Atlantic Realty, the developer behind Plaza America and several other major Reston projects, is attempting to buy properties in and around Lake Anne Village Center to become what may be the first phase of a major redevelopment of Reston’s historic residential and commercial district.
David Ross, president of Atlantic Realty, said he is in negotiations with property owners to purchase at least two Lake Anne Village Center properties, which currently house the Association of School Business Officials International and Millennium Bank.
If Atlantic Realty successfully buys the properties, it will have gained a foothold into the village center amidst the area’s revitalization and redevelopment project. Ross has already made a conceptual presentation about his plans and has expressed his interest to the Reston Community Reinvestment Corporation, which is the liaison between the community and the county on the project.
"It’s our feeling and belief that additional retail, residential and commercial density would complement the existing facilities," Ross said. "It will make a much better Lake Anne for the future."
ROSS’ PLANS are on hold until the completion in the next three or four months of a county-funded study investigating the village center’s infrastructure and economic needs. However, if Atlantic Realty acquires the properties it is seeking, Ross’ plans could be a hint of things to come.
The ASBO property is located along North Shore Drive along the border of the Lake Anne historical district, whereas the bank is located in a building at the plaza’s entrance. Both ASBO and the bank own portions of the village center’s parking lot.
Ross said he would like to build a parking garage at the center, possibly under the existing parking lot.
Also, by owning the bank building, Ross said he would be able to demolish the building to give the plaza a larger pedestrian entrance.
Additionally, Ross would like to add to the Lake Anne area an unspecified number of "mid-rise" residential buildings, to increase the residential density by a few hundred units.
Roughly 60,000 to 80,000 square feet of additional retail and commercial space could also be added — doubling the existing amount of space, he said.
Ross said he wants to make the village center a draw for residents throughout Reston, perhaps by including a 20,000- to 25,000-square-foot specialty grocery store like Whole Foods Market, Trader Joe’s or Balducci’s (formerly Sutton Place Gourmet.)
"We would like to make Lake Anne more of an attraction," Ross said.
BY COBBLING TOGETHER pieces of property, Atlantic Realty would be accomplishing two goals; it would become the logical choice to take on the Lake Anne revitalization project and it would become imbued with more clout to favorably rezone the area, said Lee Rau, a commissioner on the Fairfax County Redevelopment and Housing Authority.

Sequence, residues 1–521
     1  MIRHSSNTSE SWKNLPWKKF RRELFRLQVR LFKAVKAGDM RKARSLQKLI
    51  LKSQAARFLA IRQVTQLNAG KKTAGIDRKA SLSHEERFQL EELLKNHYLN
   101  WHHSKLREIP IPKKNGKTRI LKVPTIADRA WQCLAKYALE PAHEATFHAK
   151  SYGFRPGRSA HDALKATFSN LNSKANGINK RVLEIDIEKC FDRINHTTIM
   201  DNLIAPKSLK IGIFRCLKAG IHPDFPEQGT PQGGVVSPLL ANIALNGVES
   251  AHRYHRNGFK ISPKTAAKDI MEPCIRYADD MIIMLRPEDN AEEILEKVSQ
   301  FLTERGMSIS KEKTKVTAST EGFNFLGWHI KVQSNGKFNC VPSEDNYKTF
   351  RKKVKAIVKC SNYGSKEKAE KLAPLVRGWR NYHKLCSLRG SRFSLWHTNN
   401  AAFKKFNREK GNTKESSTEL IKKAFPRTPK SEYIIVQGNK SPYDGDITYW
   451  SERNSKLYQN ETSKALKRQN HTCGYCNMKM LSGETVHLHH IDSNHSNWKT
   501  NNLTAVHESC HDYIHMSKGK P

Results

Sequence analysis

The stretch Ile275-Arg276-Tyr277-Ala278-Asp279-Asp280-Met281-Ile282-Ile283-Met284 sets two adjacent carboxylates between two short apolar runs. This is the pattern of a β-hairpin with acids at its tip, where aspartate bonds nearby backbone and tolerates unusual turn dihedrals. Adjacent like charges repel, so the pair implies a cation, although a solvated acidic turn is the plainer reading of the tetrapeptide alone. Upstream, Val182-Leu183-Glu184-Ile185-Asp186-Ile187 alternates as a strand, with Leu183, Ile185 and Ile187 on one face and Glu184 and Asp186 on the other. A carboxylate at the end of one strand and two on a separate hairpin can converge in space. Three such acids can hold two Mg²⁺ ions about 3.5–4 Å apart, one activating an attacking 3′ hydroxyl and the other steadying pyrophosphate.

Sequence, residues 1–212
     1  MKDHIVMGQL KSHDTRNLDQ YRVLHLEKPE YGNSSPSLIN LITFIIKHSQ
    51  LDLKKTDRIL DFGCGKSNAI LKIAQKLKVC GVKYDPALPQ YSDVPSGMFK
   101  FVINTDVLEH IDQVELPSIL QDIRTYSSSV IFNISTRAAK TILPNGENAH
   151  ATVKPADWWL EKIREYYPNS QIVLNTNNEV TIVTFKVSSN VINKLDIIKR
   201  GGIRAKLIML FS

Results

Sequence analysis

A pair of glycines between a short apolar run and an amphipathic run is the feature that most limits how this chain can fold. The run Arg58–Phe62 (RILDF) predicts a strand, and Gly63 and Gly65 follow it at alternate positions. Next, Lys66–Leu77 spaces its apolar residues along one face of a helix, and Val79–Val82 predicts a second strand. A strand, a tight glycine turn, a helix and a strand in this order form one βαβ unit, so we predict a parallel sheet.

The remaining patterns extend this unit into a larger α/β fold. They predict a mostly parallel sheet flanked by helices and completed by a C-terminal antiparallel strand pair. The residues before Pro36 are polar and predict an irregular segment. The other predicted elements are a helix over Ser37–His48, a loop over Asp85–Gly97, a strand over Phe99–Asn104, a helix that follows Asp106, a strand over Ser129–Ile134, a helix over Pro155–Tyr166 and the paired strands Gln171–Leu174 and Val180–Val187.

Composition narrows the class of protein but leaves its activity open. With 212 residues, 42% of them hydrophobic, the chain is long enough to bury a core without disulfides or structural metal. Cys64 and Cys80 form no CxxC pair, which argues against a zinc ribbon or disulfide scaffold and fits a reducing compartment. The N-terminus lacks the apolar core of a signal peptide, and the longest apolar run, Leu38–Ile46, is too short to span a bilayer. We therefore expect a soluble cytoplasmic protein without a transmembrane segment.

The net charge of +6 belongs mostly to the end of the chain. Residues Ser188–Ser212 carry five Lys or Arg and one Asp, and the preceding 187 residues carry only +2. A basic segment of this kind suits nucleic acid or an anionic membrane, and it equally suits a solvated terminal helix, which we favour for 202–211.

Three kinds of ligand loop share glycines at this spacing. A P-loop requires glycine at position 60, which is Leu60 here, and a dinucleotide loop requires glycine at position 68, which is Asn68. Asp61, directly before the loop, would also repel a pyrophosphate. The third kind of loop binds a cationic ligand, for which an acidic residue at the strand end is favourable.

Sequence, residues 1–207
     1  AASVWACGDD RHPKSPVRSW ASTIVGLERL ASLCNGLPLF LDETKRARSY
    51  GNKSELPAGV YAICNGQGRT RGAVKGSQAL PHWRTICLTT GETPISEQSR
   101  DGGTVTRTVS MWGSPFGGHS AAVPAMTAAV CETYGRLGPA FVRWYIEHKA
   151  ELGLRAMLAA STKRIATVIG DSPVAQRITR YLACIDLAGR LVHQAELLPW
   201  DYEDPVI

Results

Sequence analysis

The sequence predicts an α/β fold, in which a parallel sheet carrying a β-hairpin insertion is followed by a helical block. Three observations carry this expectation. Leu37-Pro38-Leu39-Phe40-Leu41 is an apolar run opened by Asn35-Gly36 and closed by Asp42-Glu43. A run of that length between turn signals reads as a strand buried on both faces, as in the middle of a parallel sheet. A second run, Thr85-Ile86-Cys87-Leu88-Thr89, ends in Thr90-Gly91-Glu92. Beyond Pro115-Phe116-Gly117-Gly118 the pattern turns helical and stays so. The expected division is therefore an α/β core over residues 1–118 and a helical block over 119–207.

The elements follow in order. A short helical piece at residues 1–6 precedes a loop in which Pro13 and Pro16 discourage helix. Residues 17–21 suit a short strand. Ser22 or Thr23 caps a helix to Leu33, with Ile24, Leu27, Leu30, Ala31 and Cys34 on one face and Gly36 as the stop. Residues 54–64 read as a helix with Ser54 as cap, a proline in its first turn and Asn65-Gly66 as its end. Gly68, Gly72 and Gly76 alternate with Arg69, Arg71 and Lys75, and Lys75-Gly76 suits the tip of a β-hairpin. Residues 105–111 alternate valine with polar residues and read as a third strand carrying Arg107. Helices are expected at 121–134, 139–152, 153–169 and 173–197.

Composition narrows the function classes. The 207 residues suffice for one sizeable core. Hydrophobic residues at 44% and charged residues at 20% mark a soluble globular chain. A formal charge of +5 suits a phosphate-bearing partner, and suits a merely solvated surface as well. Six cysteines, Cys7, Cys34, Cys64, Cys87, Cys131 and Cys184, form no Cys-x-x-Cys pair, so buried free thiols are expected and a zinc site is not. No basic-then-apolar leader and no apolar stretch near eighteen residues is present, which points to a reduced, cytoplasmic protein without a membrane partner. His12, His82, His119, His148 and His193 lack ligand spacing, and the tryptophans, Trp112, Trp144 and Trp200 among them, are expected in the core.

"If you want to redevelop Lake Anne, there’s about four properties you’d want," Rau said.
In addition to ASBO and the bank, the other properties are the soon-to-be-vacant Good Fellowship Lutheran Church and an open parcel of land next to the Fellowship Square senior home, he said.
Representatives from the Lutheran church and Fellowship Square said they had not yet been approached to sell the properties, though they both said they are interested in selling in the future.
A similar situation happened during redevelopment of Bailey’s Crossroads. In that case, a developer bought up properties in the area to give itself a stronger footing for the overarching project, said Kurt Pronske, chair of RCRC.
Little redevelopment can actually take place at Lake Anne until the Master Plan is overhauled — a key portion of the ongoing revitalization planning process. Two weeks ago, the county released a Request for Proposal for the economic study. The RFP said revisions may be needed for the Master Plan to allow a higher residential density in the district.
Pronske said his committee has no control over decisions by developers to move forward with redevelopment plans.
"I can only express our interests," Pronske said. "If they choose to make a unilateral choice, I would personally regret that, but there’s nothing I can do. It’s a free market economy."
Pronske said he is worried that Atlantic Realty’s plans may not conform with interests of the community at large.
Rau echoed Pronske’s concerns, pointing to Ross’ redevelopment projects of the Tall Oaks and Hunters Woods village centers.
"I think David Ross’ other projects in the community have caused concern," he said. "We don’t want to see similar kinds of redevelopment at Lake Anne."
ROSS DISMISSED Pronske’s and Rau’s worries, saying that nothing would happen at the village center without the express approval of the community.
"RCRC needs to continue to do its work and get grassroots support to make this thing a reality," he said. "If Reston wants it, Reston will have it."
To help preserve the character of Lake Anne Village Center, Ross has hired Bill Conklin, one of the plaza’s original architects to assist with the project.
"He’s the one who put Lake Anne together in the first place," he said.
Should Ross succeed in buying up the properties around the village center, he would still need county and community approval before making major changes or increasing density, Rau said.
"That’s the leverage the community has," he said. "We have the final approval to make sure whatever happens is something we’re all happy with."
Hunter Mill District Supervisor Cathy Hudgins (D), a supporter of revitalizing and redeveloping Lake Anne, said it is still early in the process, but she won’t approve any proposal that doesn’t primarily consider the needs and wants of the Lake Anne community.
"We want this to serve the community’s needs," Hudgins said.